The de-materialization of artwork
It is necessary to point out first of all, that this article is not about landscape or portrait photography at all. Their main subject does not provide much room for interpretation because it is designed to appeal to aesthetical senses. It also is not about spontaneous snapshots – in which the photographer has to give up much of his or her control about what appears in their viewfinder. And, it’s also not about photography that is created just for the purpose of decoration and therefore usually does not have such a conceptual depth as the work which this article explores. It’s about photographs which are provoking a certain thought process and are alive in the mind of the viewer. It explores photographs in which abstraction and optical illusions are used as a stylistic device and which are challenging the viewer to play “Mind Games”.
Achieving such an impact requires that the artist is driven by something which goes beyond depicting a subject. At the very beginning of the creative process the artists needs a concept or rather an (abstract) idea, which has to be treated as equivalent to the future result. There’s more behind such a photograph than choosing a subject or arranging the equipment for the “perfect capture” – the theoretical and the actual way of processing are equally important. Classical “photography rules” are often playing a tangential role or are rather being ignored and technical aspects like camera settings or post-processing are as well considered as less important than in other disciplines of photography – what would be considered as “low quality” there is often used intentionally here.
The involvement with the theoretical components of a photograph and its possible ways of perception by the viewer also matters more than technical details because the artist usually wants to cause a response which goes further than “I like” or “I dislike”. That is why familiar points of view, conceptions and connections have to be liberated of their ordinary context and to be put on a meta-level, which makes it possible to discover brand new significations and connotations. The artwork itself has to be similarly “de-materialized” to find its complete expression not just on the level of visual perception anymore, but to be further developed in the thoughts of the viewer.
The main concern is the visualization of an (abstract) idea.
Who wouldn’t agree that ideas often exist undetermined or rather vague and “blurry” in our mind? So it’s just consistent to visualize such an idea through an intentionally blurry or underexposed photograph, or to move the camera during a long-time exposure with the intention of capturing an abstract impression instead of another “frozen moment”. Taking photos of seemingly unperfected reflections (e. g. on water surfaces, window panes or mirrors) is as well suitable for uncovering this intangible theoretical world of thoughts. Other artists are creating fascinating new sights by depicting deteriorated or weathered everyday items like road markings, peeled off paint or rusty pieces of metal.
The artist is able to steer the direction of the viewer’s “mind games” by reducing the picture to its key elements or by choosing an unusual close-up view on a detail of an everyday item, if desired. Choosing an appropriate title also plays a crucial role in this context. All of this together will make an artwork a visual and a mental stimulus for the viewer, an invitation for getting involved and starting a conversation. The approach of the photo itself is still being illustrative, but obviously shape- and pattern-oriented – the photographer conveys a creative view on things which are otherwise overlooked or recognized as “trivial”. This creates a notionally reality in the mind of the viewer, detached from the context of the pictured subject. The viewer is hereby accompanying the artist on a search for visual traces and will discover a brand new world of details, angles and points of view.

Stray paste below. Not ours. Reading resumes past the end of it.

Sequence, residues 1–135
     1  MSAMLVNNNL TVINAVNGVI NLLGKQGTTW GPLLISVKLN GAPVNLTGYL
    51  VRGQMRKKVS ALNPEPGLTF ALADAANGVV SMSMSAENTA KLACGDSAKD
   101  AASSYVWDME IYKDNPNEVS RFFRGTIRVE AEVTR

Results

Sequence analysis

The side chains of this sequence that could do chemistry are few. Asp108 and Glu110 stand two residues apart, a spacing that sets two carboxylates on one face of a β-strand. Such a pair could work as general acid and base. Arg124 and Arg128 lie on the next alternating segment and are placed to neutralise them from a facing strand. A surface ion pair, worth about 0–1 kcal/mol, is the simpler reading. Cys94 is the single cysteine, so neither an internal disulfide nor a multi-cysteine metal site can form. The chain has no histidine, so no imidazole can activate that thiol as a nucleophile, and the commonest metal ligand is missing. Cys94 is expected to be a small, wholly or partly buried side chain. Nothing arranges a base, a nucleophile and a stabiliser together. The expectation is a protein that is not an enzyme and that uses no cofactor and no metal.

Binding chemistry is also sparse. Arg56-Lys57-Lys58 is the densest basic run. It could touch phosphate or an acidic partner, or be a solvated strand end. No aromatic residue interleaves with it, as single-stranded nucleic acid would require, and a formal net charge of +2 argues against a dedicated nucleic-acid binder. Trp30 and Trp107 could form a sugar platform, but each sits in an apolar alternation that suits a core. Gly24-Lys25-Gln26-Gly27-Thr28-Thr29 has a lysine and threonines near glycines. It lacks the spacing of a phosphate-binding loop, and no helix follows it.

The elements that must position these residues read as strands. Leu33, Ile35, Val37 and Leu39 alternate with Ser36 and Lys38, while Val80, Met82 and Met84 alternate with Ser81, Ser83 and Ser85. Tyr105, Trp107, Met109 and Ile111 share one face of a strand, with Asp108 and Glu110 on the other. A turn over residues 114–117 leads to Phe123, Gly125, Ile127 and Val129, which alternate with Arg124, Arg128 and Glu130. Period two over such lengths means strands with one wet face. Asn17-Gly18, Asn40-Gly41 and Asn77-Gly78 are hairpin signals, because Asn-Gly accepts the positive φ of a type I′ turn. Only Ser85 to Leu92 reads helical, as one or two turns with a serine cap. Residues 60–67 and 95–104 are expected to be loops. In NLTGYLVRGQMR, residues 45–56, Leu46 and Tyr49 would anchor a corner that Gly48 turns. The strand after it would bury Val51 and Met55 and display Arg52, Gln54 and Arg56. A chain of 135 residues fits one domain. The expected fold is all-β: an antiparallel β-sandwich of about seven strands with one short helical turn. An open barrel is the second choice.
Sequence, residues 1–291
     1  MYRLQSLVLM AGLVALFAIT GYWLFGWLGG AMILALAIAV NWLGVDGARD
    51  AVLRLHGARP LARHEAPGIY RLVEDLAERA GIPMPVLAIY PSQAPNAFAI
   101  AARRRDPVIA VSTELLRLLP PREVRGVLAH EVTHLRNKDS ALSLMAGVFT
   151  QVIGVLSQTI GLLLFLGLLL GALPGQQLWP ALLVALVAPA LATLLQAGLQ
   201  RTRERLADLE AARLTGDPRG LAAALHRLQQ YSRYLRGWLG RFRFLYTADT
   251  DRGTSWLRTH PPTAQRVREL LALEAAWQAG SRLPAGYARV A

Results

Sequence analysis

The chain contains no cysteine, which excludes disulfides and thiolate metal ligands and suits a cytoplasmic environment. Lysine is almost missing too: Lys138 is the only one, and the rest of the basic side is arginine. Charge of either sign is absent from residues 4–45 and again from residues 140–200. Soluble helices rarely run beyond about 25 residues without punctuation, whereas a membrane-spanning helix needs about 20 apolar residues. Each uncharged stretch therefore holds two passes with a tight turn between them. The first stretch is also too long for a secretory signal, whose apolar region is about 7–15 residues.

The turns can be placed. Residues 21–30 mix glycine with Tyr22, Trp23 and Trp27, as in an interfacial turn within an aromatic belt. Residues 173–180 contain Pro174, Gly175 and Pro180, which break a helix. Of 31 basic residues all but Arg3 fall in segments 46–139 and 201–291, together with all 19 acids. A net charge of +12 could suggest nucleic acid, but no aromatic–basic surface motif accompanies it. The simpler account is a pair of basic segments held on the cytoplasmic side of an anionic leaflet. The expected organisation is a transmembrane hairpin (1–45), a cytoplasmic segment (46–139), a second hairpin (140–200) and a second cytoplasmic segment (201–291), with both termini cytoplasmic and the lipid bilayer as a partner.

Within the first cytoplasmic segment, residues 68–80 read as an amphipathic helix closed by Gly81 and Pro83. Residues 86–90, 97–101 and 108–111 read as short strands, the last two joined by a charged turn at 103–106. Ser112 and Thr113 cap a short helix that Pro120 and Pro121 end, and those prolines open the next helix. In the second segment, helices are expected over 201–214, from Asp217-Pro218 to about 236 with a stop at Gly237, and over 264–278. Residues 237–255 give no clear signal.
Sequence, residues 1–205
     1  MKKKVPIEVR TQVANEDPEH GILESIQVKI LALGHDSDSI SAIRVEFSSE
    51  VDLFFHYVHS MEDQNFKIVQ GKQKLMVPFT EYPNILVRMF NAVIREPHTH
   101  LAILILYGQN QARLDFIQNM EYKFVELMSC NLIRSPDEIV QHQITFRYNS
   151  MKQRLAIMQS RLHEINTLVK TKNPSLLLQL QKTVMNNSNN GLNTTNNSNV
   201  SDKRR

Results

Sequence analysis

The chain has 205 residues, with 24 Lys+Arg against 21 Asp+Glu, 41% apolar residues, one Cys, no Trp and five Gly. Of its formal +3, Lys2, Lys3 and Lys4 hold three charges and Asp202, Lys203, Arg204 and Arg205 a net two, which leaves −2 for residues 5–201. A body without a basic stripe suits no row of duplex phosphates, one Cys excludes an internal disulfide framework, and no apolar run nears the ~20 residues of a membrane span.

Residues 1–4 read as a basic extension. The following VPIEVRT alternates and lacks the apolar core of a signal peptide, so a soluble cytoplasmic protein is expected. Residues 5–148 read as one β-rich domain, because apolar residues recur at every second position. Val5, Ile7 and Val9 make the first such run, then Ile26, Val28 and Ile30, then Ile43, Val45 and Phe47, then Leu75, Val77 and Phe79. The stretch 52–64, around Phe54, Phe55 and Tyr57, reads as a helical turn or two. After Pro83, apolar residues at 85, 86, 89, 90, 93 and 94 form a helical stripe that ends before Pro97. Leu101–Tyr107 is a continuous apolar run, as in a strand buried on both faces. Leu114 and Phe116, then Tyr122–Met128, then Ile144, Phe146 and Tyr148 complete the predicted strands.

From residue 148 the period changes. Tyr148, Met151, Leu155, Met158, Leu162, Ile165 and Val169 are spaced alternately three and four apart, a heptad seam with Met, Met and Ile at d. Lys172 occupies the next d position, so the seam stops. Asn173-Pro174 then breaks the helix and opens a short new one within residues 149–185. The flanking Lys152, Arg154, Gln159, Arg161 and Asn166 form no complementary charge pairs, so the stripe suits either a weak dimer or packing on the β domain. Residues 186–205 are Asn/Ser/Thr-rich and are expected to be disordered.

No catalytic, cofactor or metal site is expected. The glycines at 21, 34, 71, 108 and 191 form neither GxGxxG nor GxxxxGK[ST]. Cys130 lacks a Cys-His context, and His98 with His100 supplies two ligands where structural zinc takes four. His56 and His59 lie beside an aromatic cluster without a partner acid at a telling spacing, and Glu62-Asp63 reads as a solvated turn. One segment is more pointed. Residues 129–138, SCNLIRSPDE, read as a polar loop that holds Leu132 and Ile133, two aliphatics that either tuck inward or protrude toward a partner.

This kind of photography surely challenges the viewers skills of perception and interpretation – but once the viewer has found the right approach to it, he or she will probably consider this different view on lots of “trivial” things as a benefit.
Alvin Langdon Coburn
One of the pioneers of abstract photography. His “vortographs” were inspired by cubism and they deliberated photography from its dependency on “visible reality” by using excessive pushing-up of light and shadow.
He’s ranked amongst the most important conceptual artists in Europe. Dibbets is interested in phenomena of perception, misperception and illusion. His photographs are equally figurative and abstract (sic!): they look like cut-outs of an abstract painting while they represent industrial goods, their colors and their light reflections at the same time.
She prefers to depict traces of human activities on roads and places. Dietewich reduces her work to a level which takes it to a different level of abstraction – the conceptual connotations contained in her work are an “aesthetic of the imperfect world” or the connection between the disappearance of the depicted traces and the fleetingness of human existence.
The master. Period. On a side note: he’s still using photographic plates to create his incredible series of black and white long-exposures.
He’s well known for extremely long exposures, capturing the withering of flowers or the edification of a building.
This article was originally written for and published in POINT OF SIMPLICITY ISSUE #7.MINDGAMES
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